given by

= rfjt.

Thus a locomotive boiler 4 ft iu diameter, of steel of working tenacity 6 tons/in^, should be 027 inch thick to carry a pressure of 150 Ib/in^ and water mains 6 ft in
;
.

diameter, of cast iron of tenacity 1 ton/in^, to carry water

281. If
I

ft,

should be 1"4 inches thick.
required to contain a volume v

denotes the length of a cylindrical vessel of
e,

of gas at a pressure p, the volume of metal of tenacity t required in the cylindrical part is
^irrle

= 2TrrHp/t = 2vp/t,

which is independent of the proportions of the cylinder. Thus in the Herresschoff boiler, composed of a long
spiral copper

tube, or in vessels required to carry gas

oxygen or hydrogen at a great pressure, the proportions may be varied without altering the weight. Vessels for holding compressed air for pneumatic guns are now made spherical and if a volume v at pressure p
like
;

is

to be carried in
e,

n

e

and

thickness

= ipr/t, = 2Trnr^p/t = §vpjt,

for tenacity

t

;

and the volume of metal
i-n-nr^e

which again is independent of the radius of the vessels, and shows a saving of 25 per cent, of material over the
cylindrical shape.

PRESSURE IN VESSELS.

389

282. For an external collapsing pressure p, such as is experienced by the tubes and flues of a boiler, we take d or 2r to denote the external diameter and the tensions
;

and t' become changed into equal pressures. Thus in the Severn tunnel, a brick cylinder 30 ft external diameter and 2 ft thick, the average crushing pressure in the brickwork due to a head of 100 ft of water outside would be 325 Ib/in^ this excessive pressure would crush the mortar and cause the bricks to fly, and requires to be kept down by incessant pumping of the water in the neighbouring ground. The longitudinal thrust and average pressure in a curved dam can be calculated in the same way for
t
; ;

example, in a concrete

1400 ft, 110 ft wide at the top.
in this country,

with a radius of high and wide at the bottom, and 14 ft
in Australia,

dam

It is asserted that the Exeter canal, one of the earliest

was purposely made winding, from the supposed extra stability of the curved banks. So also with spherical surfaces thus the Magdeburg
;

hemispheres, a Magdeburg
half exhausted
of air

ell

or 2 ft in diameter,

would

require a force of about 3400 lb to pull them apart,
;

when

and the thrust at the joint would

Ib/in^.

283. The Stress Mlipse.

Sometimes a tube is made with a winding spiral seam and to determine the stress across this seam, or generally across any oblique section, we must investigate the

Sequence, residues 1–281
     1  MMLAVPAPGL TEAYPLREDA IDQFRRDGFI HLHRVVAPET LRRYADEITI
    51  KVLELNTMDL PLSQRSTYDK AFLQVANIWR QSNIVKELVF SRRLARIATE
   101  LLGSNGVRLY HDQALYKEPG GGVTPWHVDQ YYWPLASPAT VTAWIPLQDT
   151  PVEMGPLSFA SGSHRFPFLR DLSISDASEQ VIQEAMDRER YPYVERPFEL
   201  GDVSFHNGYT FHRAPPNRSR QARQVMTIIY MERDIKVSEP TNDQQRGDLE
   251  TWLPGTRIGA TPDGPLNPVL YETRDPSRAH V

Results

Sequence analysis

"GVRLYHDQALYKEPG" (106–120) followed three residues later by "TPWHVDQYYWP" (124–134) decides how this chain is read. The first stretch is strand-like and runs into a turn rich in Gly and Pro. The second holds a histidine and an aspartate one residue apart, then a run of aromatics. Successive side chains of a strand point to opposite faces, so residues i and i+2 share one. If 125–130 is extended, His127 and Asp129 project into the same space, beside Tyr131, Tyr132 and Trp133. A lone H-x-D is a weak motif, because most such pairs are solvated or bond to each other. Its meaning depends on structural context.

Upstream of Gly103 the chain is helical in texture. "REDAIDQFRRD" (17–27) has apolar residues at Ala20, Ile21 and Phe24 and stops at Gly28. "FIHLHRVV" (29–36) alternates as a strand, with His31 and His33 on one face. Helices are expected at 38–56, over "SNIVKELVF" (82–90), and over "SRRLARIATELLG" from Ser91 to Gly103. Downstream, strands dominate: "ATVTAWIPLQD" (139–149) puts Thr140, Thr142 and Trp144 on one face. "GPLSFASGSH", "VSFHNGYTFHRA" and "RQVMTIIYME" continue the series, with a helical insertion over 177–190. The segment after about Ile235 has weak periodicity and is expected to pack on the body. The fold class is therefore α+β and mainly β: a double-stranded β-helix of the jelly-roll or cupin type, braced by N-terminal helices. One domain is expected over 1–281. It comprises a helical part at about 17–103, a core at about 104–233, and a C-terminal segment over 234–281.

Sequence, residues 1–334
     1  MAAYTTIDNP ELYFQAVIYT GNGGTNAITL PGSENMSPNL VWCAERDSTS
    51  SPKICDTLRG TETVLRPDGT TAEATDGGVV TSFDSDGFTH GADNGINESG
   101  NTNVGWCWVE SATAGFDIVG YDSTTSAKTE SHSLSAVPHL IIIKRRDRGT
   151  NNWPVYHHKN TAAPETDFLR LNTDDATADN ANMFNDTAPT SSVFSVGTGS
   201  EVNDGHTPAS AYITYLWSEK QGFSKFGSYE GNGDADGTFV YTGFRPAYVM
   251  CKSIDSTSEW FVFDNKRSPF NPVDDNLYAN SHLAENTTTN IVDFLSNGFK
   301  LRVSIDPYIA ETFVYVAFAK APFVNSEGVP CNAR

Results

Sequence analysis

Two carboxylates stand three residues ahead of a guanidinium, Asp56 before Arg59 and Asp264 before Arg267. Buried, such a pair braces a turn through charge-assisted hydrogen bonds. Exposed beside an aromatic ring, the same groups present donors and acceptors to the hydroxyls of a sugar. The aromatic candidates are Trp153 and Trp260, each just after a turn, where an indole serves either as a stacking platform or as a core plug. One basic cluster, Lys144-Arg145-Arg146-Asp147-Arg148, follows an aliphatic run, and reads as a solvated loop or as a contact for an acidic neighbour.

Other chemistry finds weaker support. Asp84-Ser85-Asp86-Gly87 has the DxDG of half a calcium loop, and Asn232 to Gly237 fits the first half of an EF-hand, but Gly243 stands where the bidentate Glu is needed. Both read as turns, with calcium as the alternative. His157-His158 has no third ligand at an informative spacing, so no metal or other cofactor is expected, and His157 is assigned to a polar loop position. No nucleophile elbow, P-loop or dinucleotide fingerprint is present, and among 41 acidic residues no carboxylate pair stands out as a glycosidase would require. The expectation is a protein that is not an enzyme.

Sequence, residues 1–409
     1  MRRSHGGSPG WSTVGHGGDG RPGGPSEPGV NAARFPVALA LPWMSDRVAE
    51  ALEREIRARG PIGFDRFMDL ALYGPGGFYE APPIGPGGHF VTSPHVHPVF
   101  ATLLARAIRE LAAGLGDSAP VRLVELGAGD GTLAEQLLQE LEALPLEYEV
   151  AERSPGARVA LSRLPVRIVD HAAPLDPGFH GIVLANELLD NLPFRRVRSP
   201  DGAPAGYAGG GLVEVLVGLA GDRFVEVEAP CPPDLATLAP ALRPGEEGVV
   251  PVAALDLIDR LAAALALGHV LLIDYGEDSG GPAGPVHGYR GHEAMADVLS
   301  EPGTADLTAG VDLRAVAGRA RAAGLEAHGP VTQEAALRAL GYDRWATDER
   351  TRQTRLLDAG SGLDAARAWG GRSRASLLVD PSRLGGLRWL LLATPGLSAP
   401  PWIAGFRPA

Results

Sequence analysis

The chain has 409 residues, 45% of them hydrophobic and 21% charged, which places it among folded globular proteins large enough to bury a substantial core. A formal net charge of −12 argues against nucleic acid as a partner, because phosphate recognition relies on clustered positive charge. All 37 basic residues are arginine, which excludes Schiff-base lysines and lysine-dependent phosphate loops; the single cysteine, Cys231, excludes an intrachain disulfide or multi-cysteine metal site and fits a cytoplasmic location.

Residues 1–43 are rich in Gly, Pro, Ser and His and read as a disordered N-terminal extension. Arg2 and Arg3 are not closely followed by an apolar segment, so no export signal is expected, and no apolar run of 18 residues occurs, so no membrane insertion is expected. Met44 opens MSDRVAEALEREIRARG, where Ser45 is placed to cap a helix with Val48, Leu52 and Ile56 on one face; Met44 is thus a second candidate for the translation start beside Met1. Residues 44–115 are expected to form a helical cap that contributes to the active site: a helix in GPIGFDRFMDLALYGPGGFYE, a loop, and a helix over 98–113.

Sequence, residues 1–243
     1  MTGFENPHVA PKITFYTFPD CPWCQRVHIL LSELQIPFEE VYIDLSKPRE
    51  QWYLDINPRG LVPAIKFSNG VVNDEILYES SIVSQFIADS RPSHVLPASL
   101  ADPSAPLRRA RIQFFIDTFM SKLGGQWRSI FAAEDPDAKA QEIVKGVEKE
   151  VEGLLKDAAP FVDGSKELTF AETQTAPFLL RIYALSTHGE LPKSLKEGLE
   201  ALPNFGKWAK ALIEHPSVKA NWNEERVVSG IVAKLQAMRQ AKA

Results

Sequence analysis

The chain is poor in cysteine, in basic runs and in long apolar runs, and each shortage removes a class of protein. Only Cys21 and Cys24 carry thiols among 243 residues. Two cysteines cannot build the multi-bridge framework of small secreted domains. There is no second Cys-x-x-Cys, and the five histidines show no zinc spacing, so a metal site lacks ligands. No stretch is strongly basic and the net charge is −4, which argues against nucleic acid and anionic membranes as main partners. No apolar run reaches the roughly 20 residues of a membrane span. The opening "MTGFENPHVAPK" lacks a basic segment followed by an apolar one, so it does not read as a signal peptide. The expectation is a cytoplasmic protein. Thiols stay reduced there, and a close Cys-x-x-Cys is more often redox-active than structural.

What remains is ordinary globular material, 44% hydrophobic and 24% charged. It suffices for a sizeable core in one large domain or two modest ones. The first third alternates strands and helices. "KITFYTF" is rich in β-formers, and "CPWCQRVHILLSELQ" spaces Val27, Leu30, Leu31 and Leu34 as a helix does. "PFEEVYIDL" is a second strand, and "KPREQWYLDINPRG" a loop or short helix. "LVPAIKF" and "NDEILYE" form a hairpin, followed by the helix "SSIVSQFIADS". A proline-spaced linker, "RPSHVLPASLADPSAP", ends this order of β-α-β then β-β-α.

distribution

;

of stress

in

the

material,

due to given

circumferential and longitudinal tensions (or pressures),
t

and

t'

:

and

this introduces

the theory of the stress

ellipse.

390

THE STRESS

ELLIPSE.

and any point of the surface (fig. 86), the stress, represented by the vector OP, across a short length aO/3 of an inclined section will be balanced by the stress t across /3y, represented by OA, and by the stress t' across ay, represented by OB suppose, where ay and /3y are drawn parallel to OA and OB.
Taking
in the direction of the circumference

OA

OB

of the axis at

V

CONJUGATE STRESSES.

391
;

TPV is

the tangent and

HPI the normal at P

also

PL^ = a, KJP = a, PK^ = b, PL^ = h, OH=a + b, OI=a-b,
ferred (Prof. T. Alexander, Trans. R. Irish

etc.;

thus various mechanical desci'iptions of the ellipse are in-

29).

284. Conjugate Stresses.
It is easy to see that if

OP

is

the stress across the

plane OQ, then

OQ

is

the stress across OP, by considerfor the resultant forces

ing the equilibrium of the parallelogram pqq'p', of which

OP,

OQ

are the

median

lines

;

across

pq and

p'q' balance;

sultant forces across qq'

and therefore also the reand pp', which cannot be the

case unless they pass through the centre of the parallelo-

gram, and are therefore parallel to pq.

The
but
ing the

stresses

OP

OP and OQ are called conjugate stresses; OQ are not conjugate diameters and denotangle BOQ by <p, then OP sin ^ = ci cos 0, 0Pcos^ = 6 sia0;
and
;

and,

by symmetry,

so that

OQ sin 6 = cos OP .OQ = ab,
a,

<p,

OQ cos = & sin ^
tan 6 tan ^ = a/b.

;

The stress OP can be resolved into the shearing component OF, tangential to the plane pq, and the normal component, or tension FP (§ 6) and
285.
;

OP=(a-&)sin0cos0,

FP = acos^e + bsm^e.
Therefore

OP attains
or
^tt,

its

maximum

value |(a — 6)

when

ORP is
when

a right angle or 6 = 1^; and

OF

vanishes only
stress ellipse

=

unless

a = b, when the

becomes a

circle,

and the

stress is hydrostatic, as in § 11.

;

;

;

392

THE STRESS ELLIPSE